@Chippers, you hit the nail on the head there. The role of the big company/institution is to come up with the overall system design to meet specific customer demands, spec it and break it down into modules which can be outsourced. The system integration, sales/marketing, and maintenance/servicing remain the prerogative of the main company. There is always an element of "design", it's just at the system level.
This is simply an extreme statement of the idea of vertical integration by contract. Of course, all the same work still has to be done and the real problems are in the partitioning, finding the right partners for each partition, and communicating efficiently among the contingent partitions. Whether these "details" can be worked out in practice and sustained remains to be seen. Thus the validity of the skepticism. Whatever the problems, the potential of successful decentralization and "democratization" of complex semiconductor market entry is a powerful and appealing idea.
There is a lot to be gained by following customers requirements combined with state of the art technology.
It would be worth investigating how open IP may contribute to a better world!
The "designless" semi model is a brilliant idea, and the next step up (or down) from the fabless model. Not only does a semiconductor company not have to own a fab, it doesn't need design engineers either. It's all outsourced -- you just come up with a great idea, and a bunch of engineers somewhere else (probably in Asia) do all the work.
Apple is quoted as a model, although it seems to me that Apple's actually moving the other way with their purchase of PA Semi so that they can design their own processors. But that's a minor detail.
Anyway, all this got me thinking ... why even bother to do the hard work to come up with ideas? After all, there are smarter people than you (you know who you are) out there. Just call up one of your (foreign) brainiac consultants and ask him to tell you about his latest great concept. Then call your favorite outsourcing design shop and ask them to put their best and brightest design engineers on the project. Finally, get it fabbed, packaged, and tested and before you know it, it's been drop-shipped to your ultra-low-cost ODM's ultra-high-speed SMT line.
There is the bothersome detail of actually having to make all these calls. Training some below-minimum wage workers to handle these petty bureaucratic steps will be the final nail. Let's call it the "Brainless Semi Model."
I think you can outsource sales and marketing as well (in addition to deisgn and manufacturing)...the company remains as an idea holder (with all IP protection that is required), everything else is contracted out...Kris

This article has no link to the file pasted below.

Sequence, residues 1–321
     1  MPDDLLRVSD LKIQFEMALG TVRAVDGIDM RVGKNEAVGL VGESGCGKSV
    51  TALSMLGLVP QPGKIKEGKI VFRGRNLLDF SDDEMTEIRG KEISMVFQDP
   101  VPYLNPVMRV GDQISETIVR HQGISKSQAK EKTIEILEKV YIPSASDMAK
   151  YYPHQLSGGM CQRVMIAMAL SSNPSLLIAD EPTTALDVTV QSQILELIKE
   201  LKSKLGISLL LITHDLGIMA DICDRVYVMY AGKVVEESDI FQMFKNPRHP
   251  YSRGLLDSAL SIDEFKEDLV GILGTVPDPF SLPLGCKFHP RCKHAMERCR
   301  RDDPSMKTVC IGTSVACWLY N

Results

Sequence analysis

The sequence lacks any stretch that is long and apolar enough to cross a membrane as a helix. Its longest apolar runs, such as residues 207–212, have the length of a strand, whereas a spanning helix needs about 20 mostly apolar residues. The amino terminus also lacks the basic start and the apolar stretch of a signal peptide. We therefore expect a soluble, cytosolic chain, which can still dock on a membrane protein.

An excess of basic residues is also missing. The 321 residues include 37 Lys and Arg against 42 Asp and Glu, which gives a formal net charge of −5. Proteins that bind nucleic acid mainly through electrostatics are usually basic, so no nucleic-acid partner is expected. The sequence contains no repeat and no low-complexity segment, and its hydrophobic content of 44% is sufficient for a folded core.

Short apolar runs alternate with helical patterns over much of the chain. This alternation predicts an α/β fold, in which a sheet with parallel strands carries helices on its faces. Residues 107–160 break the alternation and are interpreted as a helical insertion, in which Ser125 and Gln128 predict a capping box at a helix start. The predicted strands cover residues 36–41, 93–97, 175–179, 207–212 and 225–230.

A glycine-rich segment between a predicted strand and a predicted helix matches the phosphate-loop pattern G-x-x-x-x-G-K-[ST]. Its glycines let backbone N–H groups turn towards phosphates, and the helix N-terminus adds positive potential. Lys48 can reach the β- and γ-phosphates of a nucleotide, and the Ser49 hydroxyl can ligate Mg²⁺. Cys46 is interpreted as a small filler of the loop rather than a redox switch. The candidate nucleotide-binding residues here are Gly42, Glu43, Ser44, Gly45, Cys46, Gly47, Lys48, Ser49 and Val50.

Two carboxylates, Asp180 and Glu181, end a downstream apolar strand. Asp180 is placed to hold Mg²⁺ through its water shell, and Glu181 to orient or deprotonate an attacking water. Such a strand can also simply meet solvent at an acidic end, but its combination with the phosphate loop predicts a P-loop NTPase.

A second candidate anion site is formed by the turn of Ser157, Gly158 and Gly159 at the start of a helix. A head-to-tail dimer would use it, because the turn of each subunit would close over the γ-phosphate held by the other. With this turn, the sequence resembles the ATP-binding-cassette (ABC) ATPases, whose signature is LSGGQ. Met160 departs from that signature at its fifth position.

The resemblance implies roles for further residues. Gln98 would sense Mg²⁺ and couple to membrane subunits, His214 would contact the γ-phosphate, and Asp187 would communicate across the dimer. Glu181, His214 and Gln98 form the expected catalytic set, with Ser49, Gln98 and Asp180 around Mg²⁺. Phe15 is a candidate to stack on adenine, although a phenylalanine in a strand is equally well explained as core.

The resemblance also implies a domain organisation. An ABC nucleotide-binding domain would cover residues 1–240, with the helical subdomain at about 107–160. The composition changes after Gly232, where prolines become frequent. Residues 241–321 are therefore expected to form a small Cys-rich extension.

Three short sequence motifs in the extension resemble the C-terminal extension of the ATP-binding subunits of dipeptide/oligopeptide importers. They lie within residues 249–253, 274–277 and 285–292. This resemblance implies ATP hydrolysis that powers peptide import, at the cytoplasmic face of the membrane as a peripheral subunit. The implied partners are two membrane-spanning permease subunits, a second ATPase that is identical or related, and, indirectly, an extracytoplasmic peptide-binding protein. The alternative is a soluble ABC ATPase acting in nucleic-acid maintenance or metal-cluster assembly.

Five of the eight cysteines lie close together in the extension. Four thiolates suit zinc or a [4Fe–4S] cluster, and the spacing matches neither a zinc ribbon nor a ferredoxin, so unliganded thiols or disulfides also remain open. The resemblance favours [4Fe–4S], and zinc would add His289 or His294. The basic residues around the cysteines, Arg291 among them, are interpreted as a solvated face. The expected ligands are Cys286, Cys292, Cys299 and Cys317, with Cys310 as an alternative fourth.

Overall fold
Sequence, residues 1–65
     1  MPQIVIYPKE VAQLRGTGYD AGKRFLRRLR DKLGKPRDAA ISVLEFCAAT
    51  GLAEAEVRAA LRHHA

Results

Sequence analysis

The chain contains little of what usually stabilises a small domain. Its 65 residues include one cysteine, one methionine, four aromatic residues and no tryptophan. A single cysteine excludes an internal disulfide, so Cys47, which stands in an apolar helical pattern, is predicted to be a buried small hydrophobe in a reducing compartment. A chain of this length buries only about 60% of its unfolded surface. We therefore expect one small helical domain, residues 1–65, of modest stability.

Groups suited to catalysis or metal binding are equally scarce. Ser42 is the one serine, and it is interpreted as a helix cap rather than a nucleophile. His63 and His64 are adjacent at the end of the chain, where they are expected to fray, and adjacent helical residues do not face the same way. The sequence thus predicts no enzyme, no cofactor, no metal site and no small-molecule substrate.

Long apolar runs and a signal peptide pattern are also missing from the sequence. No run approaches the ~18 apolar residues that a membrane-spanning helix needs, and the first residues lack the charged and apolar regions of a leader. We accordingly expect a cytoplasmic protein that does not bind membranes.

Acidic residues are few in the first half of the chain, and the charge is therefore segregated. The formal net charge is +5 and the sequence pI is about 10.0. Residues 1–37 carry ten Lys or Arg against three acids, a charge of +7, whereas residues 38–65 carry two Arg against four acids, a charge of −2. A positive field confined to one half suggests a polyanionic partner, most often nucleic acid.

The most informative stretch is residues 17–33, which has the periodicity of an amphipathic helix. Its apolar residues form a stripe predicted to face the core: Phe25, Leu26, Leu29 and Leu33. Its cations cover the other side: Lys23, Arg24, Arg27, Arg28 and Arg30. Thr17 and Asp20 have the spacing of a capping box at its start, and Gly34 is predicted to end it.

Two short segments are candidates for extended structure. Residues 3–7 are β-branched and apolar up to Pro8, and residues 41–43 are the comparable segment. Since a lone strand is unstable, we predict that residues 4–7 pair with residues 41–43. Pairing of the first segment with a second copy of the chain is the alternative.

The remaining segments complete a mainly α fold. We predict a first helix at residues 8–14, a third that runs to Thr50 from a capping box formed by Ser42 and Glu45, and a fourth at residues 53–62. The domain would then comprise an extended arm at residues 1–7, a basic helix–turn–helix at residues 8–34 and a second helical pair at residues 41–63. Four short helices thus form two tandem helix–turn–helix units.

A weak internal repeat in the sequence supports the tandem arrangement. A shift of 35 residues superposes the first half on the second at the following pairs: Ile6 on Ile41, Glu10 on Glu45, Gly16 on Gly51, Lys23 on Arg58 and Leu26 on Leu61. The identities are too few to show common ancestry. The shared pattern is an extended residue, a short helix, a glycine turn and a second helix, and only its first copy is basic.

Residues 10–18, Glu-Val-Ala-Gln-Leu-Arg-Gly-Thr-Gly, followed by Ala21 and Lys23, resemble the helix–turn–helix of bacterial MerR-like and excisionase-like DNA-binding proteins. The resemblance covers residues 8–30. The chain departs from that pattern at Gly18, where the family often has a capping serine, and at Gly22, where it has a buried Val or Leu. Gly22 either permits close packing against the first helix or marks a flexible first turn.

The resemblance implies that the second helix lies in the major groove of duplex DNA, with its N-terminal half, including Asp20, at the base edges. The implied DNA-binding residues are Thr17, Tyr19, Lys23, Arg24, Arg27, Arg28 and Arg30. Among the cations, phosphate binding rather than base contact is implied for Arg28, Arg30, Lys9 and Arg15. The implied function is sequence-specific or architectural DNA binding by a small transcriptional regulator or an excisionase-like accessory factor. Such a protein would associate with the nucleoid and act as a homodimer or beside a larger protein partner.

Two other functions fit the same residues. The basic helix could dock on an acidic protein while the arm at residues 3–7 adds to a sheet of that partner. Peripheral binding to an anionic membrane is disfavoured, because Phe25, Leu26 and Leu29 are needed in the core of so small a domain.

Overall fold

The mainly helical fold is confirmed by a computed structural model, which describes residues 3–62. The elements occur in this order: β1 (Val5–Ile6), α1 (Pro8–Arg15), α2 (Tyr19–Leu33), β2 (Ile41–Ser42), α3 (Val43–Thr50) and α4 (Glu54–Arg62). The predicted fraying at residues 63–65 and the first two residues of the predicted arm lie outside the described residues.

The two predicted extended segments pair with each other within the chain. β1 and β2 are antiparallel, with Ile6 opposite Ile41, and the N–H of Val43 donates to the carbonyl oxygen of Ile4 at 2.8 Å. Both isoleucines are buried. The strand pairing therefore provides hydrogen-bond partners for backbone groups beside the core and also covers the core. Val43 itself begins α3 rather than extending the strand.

Sounds like the systems engineering practiced in the DoD and NASA business over the last several decades. At the very top level, the design is a single block in the block diagram, with a top level requirement and specification, followed by successively lower level breakdowns involving more detailed block diagrams and designs, each level defining the internal function/process of the block and its external connectivity in terms of input and output communications. All the way down into final design and production.
An enterprise can choose the design level at which it wants to work. At an intermediate level, it acts as a contractor to a higher level, and it subcontracts more detailed work at lower levels. By shedding more detailed work, it trades design engineers with spec writers and lawyers. The success of this approach depends on how well the enterprise understands the technological constraints of the lower levels of design work.
Strictly speaking, there is no such thing as a designless enterprise. There is always some level of design involvement, no matter how abstract.
If you eliminated manufacturing and design, there wouldn't be much left besides selling & marketing someone else's product -- that's generally known as distributing or maybe retailing.
I'm guessing that Randy Copeland would say that Velocity Micro is more than just a distributor or retailer. From what's on their website, they look like an OEM to me, and not even remotely in the semiconductor business -- fabless, designless or otherwise. I just don't see how Velocity's business model qualifies as a "new semi model."
A Book For All Reasons Bernard Cole1 Comment Robert Oshana's recent book "Software Engineering for Embedded Systems (Newnes/Elsevier)," written and edited with Mark Kraeling, is a 'book for all reasons.' At almost 1,200 pages, it ...